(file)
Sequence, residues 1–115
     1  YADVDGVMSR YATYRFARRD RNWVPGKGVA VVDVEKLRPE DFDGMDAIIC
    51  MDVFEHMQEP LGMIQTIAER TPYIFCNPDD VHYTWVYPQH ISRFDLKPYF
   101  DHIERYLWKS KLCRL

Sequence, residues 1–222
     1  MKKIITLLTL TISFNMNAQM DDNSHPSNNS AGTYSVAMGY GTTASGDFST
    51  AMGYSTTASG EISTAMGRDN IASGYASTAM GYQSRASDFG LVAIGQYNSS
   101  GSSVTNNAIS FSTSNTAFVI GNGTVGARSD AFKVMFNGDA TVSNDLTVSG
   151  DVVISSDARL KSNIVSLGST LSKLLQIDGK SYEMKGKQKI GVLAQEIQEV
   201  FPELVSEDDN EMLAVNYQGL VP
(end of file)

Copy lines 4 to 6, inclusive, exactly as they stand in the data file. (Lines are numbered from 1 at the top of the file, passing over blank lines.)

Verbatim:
   101  DHIERYLWKS KLCRL

Sequence, residues 1–222
     1  MKKIITLLTL TISFNMNAQM DDNSHPSNNS AGTYSVAMGY GTTASGDFST